Gold: Home on the Range?

April 12, 1999

Source: Baseline

Chart: Recent massacre of gold by speculative selling

On Friday, March 12, 1999, hedging managers of gold producers received phone calls from a leading bullion dealer asserting that the gold price rally was over. At the time, the gold price had just barely broken above its 200 day moving average, a key chart point. Further upside could have damaged the equity and bond markets, as the Federal Reserve has stated that it watches gold to predict future inflation. A strong showing by gold would force the Fed to raise interest rates. Recall that this turning point was accompanied by strident calls from world leaders to sell IMF gold, a prospect already discounted by the market. Proposed quantities are too small to make a real difference, but IMF sales became the rallying cry for the bears.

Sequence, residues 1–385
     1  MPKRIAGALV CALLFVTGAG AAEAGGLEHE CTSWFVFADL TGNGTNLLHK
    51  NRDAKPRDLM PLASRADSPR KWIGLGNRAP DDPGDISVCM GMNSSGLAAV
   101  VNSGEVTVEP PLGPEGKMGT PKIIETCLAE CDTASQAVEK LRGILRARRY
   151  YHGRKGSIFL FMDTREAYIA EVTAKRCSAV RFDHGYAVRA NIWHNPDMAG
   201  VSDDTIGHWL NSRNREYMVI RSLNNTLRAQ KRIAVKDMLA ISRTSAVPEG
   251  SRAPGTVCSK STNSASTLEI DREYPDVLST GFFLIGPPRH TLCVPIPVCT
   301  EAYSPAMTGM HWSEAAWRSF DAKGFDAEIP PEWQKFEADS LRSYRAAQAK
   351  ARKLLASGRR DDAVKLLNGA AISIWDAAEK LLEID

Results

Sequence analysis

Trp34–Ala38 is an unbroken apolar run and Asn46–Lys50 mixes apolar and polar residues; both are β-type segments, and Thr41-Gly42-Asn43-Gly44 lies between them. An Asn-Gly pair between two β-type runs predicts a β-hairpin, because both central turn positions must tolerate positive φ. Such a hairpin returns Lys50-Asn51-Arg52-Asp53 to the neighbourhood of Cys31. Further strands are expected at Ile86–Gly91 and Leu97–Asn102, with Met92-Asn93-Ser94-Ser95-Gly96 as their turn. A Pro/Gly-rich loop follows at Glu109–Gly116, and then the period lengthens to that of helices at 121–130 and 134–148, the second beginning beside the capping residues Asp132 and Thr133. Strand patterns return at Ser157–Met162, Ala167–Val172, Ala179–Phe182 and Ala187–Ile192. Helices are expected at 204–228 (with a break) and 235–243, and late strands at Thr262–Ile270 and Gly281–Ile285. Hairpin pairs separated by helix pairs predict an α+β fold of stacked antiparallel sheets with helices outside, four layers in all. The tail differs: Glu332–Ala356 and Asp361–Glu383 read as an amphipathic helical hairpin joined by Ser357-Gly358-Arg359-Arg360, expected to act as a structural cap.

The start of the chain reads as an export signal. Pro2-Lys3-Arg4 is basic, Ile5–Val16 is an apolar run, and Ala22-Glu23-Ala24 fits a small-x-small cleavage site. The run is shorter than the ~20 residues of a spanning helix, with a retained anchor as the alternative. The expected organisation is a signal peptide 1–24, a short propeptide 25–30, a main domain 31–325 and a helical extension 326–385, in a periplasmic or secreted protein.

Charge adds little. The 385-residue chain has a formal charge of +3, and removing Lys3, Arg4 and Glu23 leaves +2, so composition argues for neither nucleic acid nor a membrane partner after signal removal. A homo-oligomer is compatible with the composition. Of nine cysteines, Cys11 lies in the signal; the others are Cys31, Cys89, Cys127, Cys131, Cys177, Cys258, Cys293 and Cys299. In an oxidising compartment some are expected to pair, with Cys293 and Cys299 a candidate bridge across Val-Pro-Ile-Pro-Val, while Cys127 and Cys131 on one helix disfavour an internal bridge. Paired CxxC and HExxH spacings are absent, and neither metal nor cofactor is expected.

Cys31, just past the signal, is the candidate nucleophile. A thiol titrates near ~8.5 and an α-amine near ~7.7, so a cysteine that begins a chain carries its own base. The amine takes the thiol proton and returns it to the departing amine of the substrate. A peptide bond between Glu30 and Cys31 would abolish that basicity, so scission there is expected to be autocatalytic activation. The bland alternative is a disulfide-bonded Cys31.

In one particular call, a gold producer was advised to put on new forwards (sell short) to take advantage of the imminent decline. On the following Monday, the gold price did in fact break. Subsequently, the gold price fell to fresh lows for 1999, underscoring the clairvoyance of the bullion dealer's exhortation to sell. Similar calls to other gold producers and hedge funds were made at the same time.

Our friend responded to the bullion dealer by saying that he was more inclined to buy in his book (cover shorts) in light of the significant chart point and the fact that the most recent CFTC numbers indicated a large speculative short position of approximately 200 tons. He was told that the 80-90 tons of speculative shorts had already covered the night before. Incredulous, he asked how such a large short position could have been covered with so little disturbance of the gold price. He was told that there was "liquidity from everywhere" and "heavy producer selling."